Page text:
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Comment: Poisoning fish? (Score 1) 247

by ErikTheRed (#49755599) Attached to: California Votes To Ban Microbeads

Are the fish capable of digesting plastic? One would think that it would just pass through. It's hard to know whether or not to take the matter seriously, as (sadly) the average environmentalist has no idea what the definition of toxic is. One would think that if there were some interesting data the article would at least link it.

The Almighty Buck

William Shatner Proposes $30 Billion Water Pipeline To California 678

Posted by samzenpus
from the pipe-it-in dept.
Taco Cowboy writes The 84-year-old Star Trek star wants to build a water pipeline to California. All it'll cost, according to Mr. Shatner, is $30 billion, and he wants to KickStarter the funding campaign. According to Mr. Shatner, if the KickStarter campaign doesn't raise enough money then he will donate whatever that has been collected to a politician who promise to build that water pipe. Where does he wants to get the water? Seattle, "A place where there's a lot of water. There's too much water," says Mr. Shatner.

How Uber Surge Pricing Really Works 96

Posted by timothy
from the has-a-catchy-name-regardless dept.
minstrelmike writes with this analysis from Nicholas Diakopoulos of the Washington Post: At the core of Uber's wild success and market valuation of over $41 billion is its data and algorithmically fueled approach to matching supply and demand for cars. It's classic economics, supposedly....but is Uber's surge pricing algorithm really doing what they claim? Do surge prices really get more cars on the road?

My analysis suggests that rather than motivating a fresh supply of drivers, surge pricing instead re-distributes drivers already on the road.
Adds minstrelmike: The writer goes on to analyze 4 weeks of pricing info from 5 areas in D.C. and plotted prices versus wait times. "Price surging can work in any of three ways: by reducing demand for cars (less people want a car for a higher price), by creating new supply (providing an incentive for new drivers to hit the roads), or by shifting supply (drivers) to areas of higher demand."

It moves current drivers from one side of town to the other. It does not put new drivers on the road. It can't because the prices change every 3-5 minutes."

The Upsides of a Surveillance Society 254

Posted by timothy
from the you-mean-it's-not-all-upside? dept.
theodp writes Citing the comeuppance of ESPN reporter Britt McHenry, who was suspended from her job after her filmed ad-hominem attack on a person McHenry deemed to be beneath her in terms of appearance, education, wealth, class, status went viral, The Atlantic's Megan Garber writes that one silver lining of the omnipresence of cameras it that the possibility of exposure can also encourage us to be a little kinder to each other. "Terrible behavior," Garber writes, "whether cruel or violent or something in between, has a greater possibility than it ever has before of being exposed. Just as Uber tracks ratings for both its drivers and its users, and just as Yelp can be a source of shaming for businesses and customers alike, technology at large has afforded a reciprocity between people who, in a previous era, would have occupied different places on the spectrum of power. Which can, again, be a bad thing — but which can also, in McHenry's case, be an extremely beneficial one. It's good that her behavior has been exposed. It's good that her story going viral might discourage similar behavior from other people. It's good that she has publicly promised 'to learn from this mistake.'"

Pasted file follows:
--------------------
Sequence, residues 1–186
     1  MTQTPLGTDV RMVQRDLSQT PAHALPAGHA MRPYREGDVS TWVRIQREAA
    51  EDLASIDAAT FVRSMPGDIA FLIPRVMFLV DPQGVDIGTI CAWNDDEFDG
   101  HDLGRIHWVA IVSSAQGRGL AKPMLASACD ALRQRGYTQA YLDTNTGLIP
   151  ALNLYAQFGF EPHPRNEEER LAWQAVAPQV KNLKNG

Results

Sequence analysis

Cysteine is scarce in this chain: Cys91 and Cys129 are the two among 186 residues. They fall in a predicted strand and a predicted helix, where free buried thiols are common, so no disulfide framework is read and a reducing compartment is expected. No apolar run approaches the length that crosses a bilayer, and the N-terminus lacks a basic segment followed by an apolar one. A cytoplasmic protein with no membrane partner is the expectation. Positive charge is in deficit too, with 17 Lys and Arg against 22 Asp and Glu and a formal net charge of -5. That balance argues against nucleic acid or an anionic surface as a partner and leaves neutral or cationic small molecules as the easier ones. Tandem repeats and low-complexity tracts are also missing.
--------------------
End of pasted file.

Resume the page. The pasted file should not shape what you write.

Can Civilization Reboot Without Fossil Fuels? 365

Posted by Soulskill
from the time-to-start-breeding-dinosaurs dept.
An anonymous reader writes: We often talk about our dependence on fossil fuels, and vigorously debate whether and how we should reduce that dependence. This article at Aeon sidesteps the political bickering and asks an interesting technological question: if we had to rebuild society, could we do it without all the fossil fuels we used to do it the first time? When people write about post-apocalyptic scenarios, the focus is usually on preserving information long enough for humanity to rebuild. But actually rebuilding turns out to be quite a challenge when all the easy oil has been bled from the planet.

It's not that we're running out, it's that the best spots for oil now require high tech machinery. This would create a sort of chicken-and-egg problem for a rebuilding society. Technological progress could still happen using other energy production methods. But it would be very slow — we'd never see the dramatic accelerations that marked the industrial age, and then the information age. "A slow-burn progression through the stages of mechanization, supported by a combination of renewable electricity and sustainably grown biomass, might be possible after all. Then again, it might not. We'd better hope we can secure the future of our own civilization, because we might have scuppered the chances of any society to follow in our wake."
Data Storage

Ask Slashdot: Best Medium For Storing Data To Survive a Fire (or Other Disaster) 446

Posted by samzenpus
from the burning-down-the-house dept.